TIME MAGAZINE Bemoans The “White Supremacist” Origins Of Exercise And U.S. Physical Fitness | Blog Posts | VDARE.com

How did U.S. exercise trends go from reinforcing white supremacy to celebrating Richard Simmons? That evolution is explored in a new book by a historian of exercise, Natalia Mehlman Petrzela, author of the book Fit Nation: The Gains and Pains of America’s Exercise Obsession , out Jan. 2023.

Nowadays, at the beginning of every New Year, many Americans hit the gym to work off their holiday feasts. This momentum usually starts to fade in mid-January, according to a 2019 analysis of data on fitness tracking apps by Bloomberg. But such new year’s resolutions are pretty new—as is the concept of exercise as a way to improve bodily health.

“It’s really not until the 1980s that you start to have a consensus that everybody should be doing some form of exercise,” says Mehlman Petrzela, a professor at the New School in New York City. That’s partly the result of the women’s movement of the 1960s and 1970s, which fought for Title IX, allowing girls to play school sports. That pushed back on notions that girls and women aren’t capable of doing vigorous exercise because they’re fragile.

Perfect for reading on the treadmill or stationary bike, the below conversation with Mehlman Petrzela outlines the earliest ideas on exercise, delves into the history of various popular workouts, and the outsize influence of Richard Simmons.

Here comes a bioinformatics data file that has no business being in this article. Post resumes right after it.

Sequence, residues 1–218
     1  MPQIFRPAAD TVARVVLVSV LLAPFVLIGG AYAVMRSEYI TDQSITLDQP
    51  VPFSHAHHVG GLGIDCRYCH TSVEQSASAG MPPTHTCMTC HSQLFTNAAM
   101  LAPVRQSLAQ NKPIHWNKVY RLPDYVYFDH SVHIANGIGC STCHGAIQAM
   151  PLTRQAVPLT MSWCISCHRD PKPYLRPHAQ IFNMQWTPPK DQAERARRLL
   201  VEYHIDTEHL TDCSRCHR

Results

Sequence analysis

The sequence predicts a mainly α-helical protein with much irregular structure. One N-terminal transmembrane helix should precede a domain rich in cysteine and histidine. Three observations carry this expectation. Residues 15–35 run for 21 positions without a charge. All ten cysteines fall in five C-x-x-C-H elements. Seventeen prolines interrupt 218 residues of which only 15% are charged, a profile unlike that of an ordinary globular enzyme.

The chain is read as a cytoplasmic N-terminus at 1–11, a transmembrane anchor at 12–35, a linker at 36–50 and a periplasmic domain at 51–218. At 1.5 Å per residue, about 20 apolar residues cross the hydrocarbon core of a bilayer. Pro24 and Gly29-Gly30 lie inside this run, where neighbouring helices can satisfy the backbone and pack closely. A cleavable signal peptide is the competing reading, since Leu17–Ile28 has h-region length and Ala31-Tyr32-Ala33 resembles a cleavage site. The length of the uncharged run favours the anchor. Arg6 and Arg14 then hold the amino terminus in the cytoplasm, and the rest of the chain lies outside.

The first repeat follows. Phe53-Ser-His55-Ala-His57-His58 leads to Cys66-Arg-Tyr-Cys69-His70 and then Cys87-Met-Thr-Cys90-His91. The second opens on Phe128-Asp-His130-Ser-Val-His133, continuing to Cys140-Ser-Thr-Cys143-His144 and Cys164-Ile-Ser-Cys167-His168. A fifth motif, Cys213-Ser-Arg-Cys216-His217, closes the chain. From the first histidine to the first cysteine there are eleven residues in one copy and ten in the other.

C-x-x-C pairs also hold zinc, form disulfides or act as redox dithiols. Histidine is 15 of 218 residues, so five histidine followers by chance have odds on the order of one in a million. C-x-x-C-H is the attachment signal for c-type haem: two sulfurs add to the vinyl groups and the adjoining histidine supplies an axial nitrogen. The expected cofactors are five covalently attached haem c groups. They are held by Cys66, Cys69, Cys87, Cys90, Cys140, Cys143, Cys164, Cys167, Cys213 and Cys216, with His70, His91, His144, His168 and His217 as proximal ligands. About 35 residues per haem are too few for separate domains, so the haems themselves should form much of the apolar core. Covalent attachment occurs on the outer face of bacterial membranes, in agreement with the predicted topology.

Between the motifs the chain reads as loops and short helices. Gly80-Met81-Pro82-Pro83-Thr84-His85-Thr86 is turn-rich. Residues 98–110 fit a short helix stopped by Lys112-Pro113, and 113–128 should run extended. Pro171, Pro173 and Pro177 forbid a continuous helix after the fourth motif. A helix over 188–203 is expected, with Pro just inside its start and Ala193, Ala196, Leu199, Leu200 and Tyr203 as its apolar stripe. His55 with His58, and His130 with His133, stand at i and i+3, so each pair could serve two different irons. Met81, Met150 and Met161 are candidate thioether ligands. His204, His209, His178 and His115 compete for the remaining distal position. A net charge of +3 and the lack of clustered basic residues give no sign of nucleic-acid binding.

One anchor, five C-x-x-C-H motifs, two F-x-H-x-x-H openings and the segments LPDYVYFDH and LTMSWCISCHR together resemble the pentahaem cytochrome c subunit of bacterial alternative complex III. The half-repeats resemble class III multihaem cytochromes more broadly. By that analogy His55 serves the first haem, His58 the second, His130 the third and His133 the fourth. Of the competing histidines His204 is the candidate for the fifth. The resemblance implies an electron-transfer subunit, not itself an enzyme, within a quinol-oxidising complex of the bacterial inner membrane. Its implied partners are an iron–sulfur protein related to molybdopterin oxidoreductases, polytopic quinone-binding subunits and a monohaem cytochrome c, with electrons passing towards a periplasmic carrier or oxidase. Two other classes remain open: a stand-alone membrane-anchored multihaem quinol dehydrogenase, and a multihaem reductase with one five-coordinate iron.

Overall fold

Your book Fit Nation starts out by talking about how fat was something to aspire to and that was a sign of wealth and healthiness. How did Americans go from a mentality of “fat is good” to “skinny is better?”

One of the things I set out to do in this book is to look at the change in how we think about our bodies and what’s considered attractive. Until the 1920s or so, to be what would be considered today fat or bigger, was actually desirable and actually signified affluence—which is like the polar opposite of today, when so much of the obesity epidemic discourse is connected to socio-economic inequality and to be fat is often to be seen as to be poor.

How did that happen? Well, in a moment when actually there wasn’t a lot of access to caloric foods, to be fat showed that you could afford these things that were out of the reach of most people and also you could afford to rest, like you weren’t out there doing manual labor all day. As that caloric food became more accessible, and as more people were doing sedentary white-collar work and had access to cars and leisure, somebody who could resist those caloric foods, exercise, and have a thin body, was seen as more desirable.

Read more: The history behind New Year’s resolutions to exercise more

What’s the most surprising thing you learned in your research?

It was super interesting reading the reflections of fitness enthusiasts in the early 20th century. They said we should get rid of corsets, corsets are an assault on women’s form, and that women should be lifting weights and gaining strength. At first, you feel like this is so progressive.

Then you keep reading, and they’re saying white women should start building up their strength because we need more white babies. They’re writing during an incredible amount of immigration, soon after enslaved people have been emancipated. This is totally part of a white supremacy project. So that was a real “holy crap” moment as a historian, where deep archival research really reveals the contradictions of this moment.

This content was originally published here.

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